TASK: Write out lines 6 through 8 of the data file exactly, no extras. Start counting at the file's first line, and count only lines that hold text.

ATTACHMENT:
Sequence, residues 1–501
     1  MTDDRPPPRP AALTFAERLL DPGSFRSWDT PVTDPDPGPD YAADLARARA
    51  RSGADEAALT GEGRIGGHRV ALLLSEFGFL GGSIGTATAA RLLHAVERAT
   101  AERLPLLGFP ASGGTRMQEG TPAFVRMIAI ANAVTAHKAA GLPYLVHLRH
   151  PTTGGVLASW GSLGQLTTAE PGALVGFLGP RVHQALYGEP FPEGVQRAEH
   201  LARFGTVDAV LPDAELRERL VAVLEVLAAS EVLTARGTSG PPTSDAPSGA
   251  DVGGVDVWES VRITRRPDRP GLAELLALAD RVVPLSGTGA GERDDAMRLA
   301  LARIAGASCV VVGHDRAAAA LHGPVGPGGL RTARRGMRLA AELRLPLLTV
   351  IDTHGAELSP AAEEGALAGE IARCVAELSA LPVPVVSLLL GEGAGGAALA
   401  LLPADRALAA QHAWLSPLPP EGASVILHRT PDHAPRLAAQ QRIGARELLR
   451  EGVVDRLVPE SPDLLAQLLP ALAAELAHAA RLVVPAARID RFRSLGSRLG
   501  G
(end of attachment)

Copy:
   201  LARFGTVDAV LPDAELRERL VAVLEVLAAS EVLTARGTSG PPTSDAPSGA
   251  DVGGVDVWES VRITRRPDRP GLAELLALAD RVVPLSGTGA GERDDAMRLA
   301  LARIAGASCV VVGHDRAAAA LHGPVGPGGL RTARRGMRLA AELRLPLLTV